Throughout the years, Jack was extensively involved in Museum programs, including Elderhostel, and was on-board historian for the museum's tug, W. O. Decker, during her harbor history tours. His style was both educational and entertaining, and seasoned with local folklore. The passengers loved it, and so did I. 

Jack did walking-tours of the historic neighborhood and fashioned himself into the character of Herman Melville very well; it was his signature piece. It is perhaps a sentimental reflection, but I think he would have done old Herman proud. Jack has now himself passed into history and is firmly anchored in the South Street folklore he so loved.

A final word about Jack Putnam, at least for the moment: On July 13, 2008, The New York Times published an article by Saul Austerlitz called "Up in the Old Hotel." He described Jack Putnam as the "official historian and unofficial conscience of the South Street Seaport Museum."

On the day that he and Jack ventured into the upper stories of what Joseph Mitchell had called "the old hotel" in Schermerhorn Row, Austerlitz described Putnam as being "resplendent" in "green slacks, a striped button-down shirt and red socks."

In the article, Austerlitz recalled something that Jack Putnam had said to him about the old hotel around the time the South Street Seaport Museum took possession of it in the late 1980s when "the space had again become an archaeological site, with lottery tickets from 1981 piled atop waitresses' order books from the 1940s" (in Austerlitz's words.)

"I tried not to disturb the ghosts when I used to go up there," Jack Putnam recalled.

Now Jack has joined the ghosts who preceded him and we who remain may perhaps still find him there in a place that he loved.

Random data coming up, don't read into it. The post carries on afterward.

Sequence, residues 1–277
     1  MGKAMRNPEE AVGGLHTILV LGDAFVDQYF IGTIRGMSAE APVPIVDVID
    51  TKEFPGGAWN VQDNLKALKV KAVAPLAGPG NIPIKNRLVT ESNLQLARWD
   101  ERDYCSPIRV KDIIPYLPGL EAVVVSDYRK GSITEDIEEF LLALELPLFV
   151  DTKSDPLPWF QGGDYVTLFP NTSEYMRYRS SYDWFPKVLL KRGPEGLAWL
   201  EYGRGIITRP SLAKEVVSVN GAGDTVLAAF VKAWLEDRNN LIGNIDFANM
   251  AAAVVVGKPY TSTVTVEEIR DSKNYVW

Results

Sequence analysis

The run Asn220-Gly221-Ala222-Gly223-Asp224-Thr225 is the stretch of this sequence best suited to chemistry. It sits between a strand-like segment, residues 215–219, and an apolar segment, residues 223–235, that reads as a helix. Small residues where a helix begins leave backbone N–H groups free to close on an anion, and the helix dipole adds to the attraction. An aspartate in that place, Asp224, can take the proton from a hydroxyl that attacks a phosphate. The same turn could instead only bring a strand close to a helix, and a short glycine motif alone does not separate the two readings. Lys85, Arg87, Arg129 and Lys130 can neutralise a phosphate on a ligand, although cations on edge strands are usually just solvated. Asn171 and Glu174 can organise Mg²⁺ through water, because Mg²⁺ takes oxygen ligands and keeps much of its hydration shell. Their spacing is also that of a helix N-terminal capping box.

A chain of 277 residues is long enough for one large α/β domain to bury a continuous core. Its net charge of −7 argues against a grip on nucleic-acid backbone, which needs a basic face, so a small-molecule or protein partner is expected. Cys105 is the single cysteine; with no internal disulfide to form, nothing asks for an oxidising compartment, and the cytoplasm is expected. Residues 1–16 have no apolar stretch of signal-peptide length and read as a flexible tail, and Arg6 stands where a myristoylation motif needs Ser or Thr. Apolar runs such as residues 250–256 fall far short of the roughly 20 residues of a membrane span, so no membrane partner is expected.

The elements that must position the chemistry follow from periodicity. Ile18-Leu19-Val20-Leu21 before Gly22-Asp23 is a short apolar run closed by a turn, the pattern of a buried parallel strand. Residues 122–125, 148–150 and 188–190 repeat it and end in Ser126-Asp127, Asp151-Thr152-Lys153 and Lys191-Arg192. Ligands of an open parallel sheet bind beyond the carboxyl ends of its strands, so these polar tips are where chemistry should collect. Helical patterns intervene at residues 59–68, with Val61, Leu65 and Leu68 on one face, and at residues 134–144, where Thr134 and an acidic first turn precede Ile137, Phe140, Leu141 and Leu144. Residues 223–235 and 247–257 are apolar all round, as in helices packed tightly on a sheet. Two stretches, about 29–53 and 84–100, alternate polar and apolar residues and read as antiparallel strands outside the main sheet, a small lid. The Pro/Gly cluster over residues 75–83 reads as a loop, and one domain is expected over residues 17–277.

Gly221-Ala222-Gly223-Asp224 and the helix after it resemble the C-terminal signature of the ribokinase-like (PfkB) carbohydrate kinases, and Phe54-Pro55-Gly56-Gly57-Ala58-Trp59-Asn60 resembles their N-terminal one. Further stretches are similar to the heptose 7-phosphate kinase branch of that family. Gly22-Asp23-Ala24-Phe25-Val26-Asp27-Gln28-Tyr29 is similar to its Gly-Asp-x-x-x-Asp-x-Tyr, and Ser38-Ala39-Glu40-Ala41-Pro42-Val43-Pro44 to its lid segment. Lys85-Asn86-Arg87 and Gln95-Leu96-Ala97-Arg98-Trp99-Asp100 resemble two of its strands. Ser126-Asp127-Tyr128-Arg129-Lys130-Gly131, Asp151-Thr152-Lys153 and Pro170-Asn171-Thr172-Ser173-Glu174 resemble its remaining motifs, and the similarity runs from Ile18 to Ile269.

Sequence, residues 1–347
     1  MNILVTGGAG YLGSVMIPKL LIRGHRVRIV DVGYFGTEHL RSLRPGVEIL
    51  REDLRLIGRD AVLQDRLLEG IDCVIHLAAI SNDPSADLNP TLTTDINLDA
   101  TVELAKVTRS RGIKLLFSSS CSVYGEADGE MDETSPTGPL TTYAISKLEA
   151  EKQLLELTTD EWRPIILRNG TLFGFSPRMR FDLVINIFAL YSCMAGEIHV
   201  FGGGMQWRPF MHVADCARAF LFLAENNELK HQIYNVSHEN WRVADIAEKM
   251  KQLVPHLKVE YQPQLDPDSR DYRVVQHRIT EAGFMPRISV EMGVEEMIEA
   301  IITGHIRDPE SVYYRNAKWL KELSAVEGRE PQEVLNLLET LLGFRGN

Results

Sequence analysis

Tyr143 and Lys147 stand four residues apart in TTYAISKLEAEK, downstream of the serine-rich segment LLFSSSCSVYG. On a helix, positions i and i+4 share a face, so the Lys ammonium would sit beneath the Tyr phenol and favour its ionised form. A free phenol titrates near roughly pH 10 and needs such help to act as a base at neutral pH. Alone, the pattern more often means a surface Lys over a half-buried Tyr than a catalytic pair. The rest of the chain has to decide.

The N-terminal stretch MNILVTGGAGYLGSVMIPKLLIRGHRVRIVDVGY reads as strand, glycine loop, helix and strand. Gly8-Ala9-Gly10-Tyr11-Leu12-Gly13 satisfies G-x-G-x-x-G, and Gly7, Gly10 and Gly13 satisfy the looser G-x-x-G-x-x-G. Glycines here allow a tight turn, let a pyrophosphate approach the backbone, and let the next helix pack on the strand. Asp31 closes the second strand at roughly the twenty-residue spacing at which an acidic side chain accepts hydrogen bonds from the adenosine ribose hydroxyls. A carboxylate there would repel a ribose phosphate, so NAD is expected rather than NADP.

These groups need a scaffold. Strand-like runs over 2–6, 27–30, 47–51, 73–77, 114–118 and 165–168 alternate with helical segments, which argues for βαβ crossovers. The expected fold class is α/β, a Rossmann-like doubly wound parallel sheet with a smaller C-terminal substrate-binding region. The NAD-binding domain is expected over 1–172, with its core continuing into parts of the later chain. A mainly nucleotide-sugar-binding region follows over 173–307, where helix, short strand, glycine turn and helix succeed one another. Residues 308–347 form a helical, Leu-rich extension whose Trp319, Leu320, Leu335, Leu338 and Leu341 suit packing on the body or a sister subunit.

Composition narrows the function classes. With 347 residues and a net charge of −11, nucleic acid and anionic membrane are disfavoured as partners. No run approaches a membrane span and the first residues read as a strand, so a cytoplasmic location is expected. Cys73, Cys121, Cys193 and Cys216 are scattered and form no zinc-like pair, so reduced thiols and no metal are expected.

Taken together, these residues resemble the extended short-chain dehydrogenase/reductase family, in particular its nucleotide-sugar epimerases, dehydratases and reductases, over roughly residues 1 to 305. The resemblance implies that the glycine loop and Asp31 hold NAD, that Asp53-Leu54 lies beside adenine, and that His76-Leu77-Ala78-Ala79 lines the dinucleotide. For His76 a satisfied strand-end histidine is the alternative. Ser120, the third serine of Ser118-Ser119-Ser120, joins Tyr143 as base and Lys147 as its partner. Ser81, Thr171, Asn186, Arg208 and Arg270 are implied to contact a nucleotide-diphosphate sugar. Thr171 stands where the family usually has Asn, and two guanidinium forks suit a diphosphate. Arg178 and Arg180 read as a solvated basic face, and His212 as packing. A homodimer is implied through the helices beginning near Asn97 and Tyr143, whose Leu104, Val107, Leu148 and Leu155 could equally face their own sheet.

- Terese Loeb Kreuzer

Renuka Pinto, an Australian trained physical therapist with over 18 years experience, is now offering "quality care at an affordable price" at her new location, 915 Broadway, Suite 1106. She is a sports and spine specialist using technology, intensive hands-on therapy and custom-based exercise to help patients meet their needs.
A mother of three, she offers specialized services to pregnant and post-partum women to help them achieve their individual goals.

 Bits & Bytes 
Michael Levine (in the foreground) retired effective Aug. 31, 2018 from Community Board 1. (Photo: © Terese Loeb Kreuzer 2016)

Michael Levine retires from Community Board 1: Michael Levine, land use consultant to Community Board 1, has retired several times in the course of his life, but this time, it looks as though it's for real. Now 75 years old, Levine retired at the end of August when his contract with CB1 ended. He has been replaced as a consultant by BetaNYC, a not-for-profit civic tech organization whose mission is to improve CB1's "discretionary approvals" process, a portfolio that differs substantially from the previous Land Use Consultant contracts. CB1 will now be joined by Nazija Akter and Ramesh Beharry, who are seasoned Civic Innovation Fellows that trained with BetaNYC in technology and open data.